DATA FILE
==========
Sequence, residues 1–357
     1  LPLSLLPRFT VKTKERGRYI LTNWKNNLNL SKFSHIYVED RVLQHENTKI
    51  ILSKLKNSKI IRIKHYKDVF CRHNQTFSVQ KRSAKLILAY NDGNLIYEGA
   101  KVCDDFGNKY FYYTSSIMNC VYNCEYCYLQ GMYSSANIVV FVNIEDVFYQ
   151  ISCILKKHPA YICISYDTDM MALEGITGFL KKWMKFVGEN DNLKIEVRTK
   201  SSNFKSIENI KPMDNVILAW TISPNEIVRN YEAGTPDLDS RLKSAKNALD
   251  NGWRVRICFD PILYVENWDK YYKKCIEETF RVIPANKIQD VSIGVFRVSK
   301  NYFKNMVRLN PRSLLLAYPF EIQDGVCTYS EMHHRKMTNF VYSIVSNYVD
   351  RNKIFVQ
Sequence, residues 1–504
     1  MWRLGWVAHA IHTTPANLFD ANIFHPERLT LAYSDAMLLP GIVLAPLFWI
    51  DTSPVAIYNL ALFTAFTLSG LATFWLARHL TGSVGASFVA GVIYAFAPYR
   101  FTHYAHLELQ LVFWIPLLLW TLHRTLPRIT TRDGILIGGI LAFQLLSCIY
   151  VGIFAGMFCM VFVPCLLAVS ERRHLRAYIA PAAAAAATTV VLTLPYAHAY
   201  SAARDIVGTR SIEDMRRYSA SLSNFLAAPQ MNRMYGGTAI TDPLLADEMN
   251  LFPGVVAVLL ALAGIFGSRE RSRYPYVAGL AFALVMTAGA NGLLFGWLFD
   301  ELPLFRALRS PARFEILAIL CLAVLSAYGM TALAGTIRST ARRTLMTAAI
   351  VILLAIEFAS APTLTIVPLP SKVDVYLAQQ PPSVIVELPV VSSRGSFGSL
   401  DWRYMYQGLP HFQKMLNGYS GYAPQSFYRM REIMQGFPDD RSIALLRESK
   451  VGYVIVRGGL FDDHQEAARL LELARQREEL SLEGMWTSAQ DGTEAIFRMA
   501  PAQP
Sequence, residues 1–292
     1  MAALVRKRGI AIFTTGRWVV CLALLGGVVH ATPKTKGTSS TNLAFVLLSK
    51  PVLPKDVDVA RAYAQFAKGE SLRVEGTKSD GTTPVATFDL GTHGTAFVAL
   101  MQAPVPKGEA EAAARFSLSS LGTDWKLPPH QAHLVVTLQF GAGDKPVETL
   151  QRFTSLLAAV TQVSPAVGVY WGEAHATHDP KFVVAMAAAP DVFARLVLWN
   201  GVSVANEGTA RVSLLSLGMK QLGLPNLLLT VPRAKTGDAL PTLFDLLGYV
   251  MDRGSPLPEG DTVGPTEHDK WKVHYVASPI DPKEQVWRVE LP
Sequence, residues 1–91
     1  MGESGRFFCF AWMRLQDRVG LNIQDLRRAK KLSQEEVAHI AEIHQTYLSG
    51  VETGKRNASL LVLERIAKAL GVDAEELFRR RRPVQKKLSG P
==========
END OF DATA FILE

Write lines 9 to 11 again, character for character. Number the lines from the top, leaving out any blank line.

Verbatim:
   351  RNKIFVQ
Sequence, residues 1–504
     1  MWRLGWVAHA IHTTPANLFD ANIFHPERLT LAYSDAMLLP GIVLAPLFWI